Photonic-crystal laser has selectable wavelength

March 1, 2004
Integrated optical components that produce light at several selectable wavelengths have been realized by lithographic means, according to a team of researchers...

Integrated optical components that produce light at several selectable wavelengths have been realized by lithographic means, according to a team of researchers from the University of Würzburg (Würzburg, Germany), Stanford University (Palo Alto, CA), Infineon Technologies (Munich, Germany), and Alcatel (Paris, France).1 In the semiconductor-laser source, a photonic crystal takes over the functions of cavity mirrors and waveguide.

The device consists of two closely coupled semiconductor lasers equipped with waveguiding cavities, each slightly different in length (see Fig. 1). The lasers have four indium gallium arsenide phosphide quantum wells and a separate heterostructure for confining photons to the plane. Lateral and longitudinal photon confinement are provided by a surrounding hexagonal lattice of air cylinders etched into the semiconductor material. The lattice period of 400 nm and the air fill factor of 30% were chosen such that the structure generates full reflectivity for TE-polarized radiation (which the laser emits) at the spectral band of about 1550 nm (in other words, the photon energy was matched with the center of the photonic bandgap).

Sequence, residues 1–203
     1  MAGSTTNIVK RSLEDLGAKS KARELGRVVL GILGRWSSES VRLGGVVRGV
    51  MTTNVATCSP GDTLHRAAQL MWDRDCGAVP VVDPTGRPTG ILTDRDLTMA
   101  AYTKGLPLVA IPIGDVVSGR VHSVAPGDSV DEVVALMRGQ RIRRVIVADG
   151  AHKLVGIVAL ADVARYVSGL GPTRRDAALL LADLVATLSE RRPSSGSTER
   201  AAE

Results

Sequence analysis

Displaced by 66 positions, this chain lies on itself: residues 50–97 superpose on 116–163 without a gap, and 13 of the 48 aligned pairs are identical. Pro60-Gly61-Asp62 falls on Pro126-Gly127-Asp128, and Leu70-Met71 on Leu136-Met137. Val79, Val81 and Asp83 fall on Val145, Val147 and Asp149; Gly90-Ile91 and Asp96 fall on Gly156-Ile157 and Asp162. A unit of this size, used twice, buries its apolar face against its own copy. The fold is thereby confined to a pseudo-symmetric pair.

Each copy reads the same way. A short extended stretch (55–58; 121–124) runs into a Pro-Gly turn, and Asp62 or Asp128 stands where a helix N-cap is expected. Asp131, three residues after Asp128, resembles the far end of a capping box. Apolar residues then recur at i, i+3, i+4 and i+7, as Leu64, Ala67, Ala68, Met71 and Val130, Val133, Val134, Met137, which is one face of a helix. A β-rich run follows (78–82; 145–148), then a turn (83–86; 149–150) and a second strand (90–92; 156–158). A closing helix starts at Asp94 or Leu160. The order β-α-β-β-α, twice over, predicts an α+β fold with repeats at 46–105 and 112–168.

FIGURE 1. Two longitudinally coupled semiconductor lasers in photonic-crystal cavities include an outcoupling facet (left), a coupling region (center), and a high-reflective facet (right).
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The laser-active and waveguiding cavities are featureless regions of seven missing rows of holes in width. Both cavities are separated by a photonic-crystal mirror made of two lines of holes with a reflectivity of approximately 60%. The cavity lengths are 164 periods (114 µm) and 179 periods (124 µm) respectively, giving rise to mode spectra with spacings of 2.9 and 2.6 nm. At the rear facet, the photonic crystal acts as a nearly 100% reflective mirror, while it reflects about 40% at the output end of the combined device.

The two lasers are separately electrically injected. By increasing the currents simultaneously, an output optical power of 1 mW is reached at 55-mA drive current per laser (threshold is reached at 12 mA per laser). If not properly tuned, the emission is multimode.

FIGURE 2. Emission spectra are different at five different drive currents when the current for one laser segment is varied while the current for the second is kept constant at 25 mA.'
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Because of the different cavity lengths, the two resulting mode "combs" have slightly different mode separations. If any two peaks of the mode combs overlap, predominantly single-mode emission occurs. By varying the drive current of one segment and keeping that of the other constant, a discrete tuning is reached for the modes of the second laser segment (see Fig. 2). This can also be done for the modes of the first segment, so that all modes of the two frequency combs can be addressed. When oscillating in a single mode, the rejection of the next-most-intense mode reaches 35 dB. However, frequency tuning influences emission intensity—a drawback for the laboratory device.


  1. S. Mahnkopf et al., Elect. Lett. 40(1) (2004).

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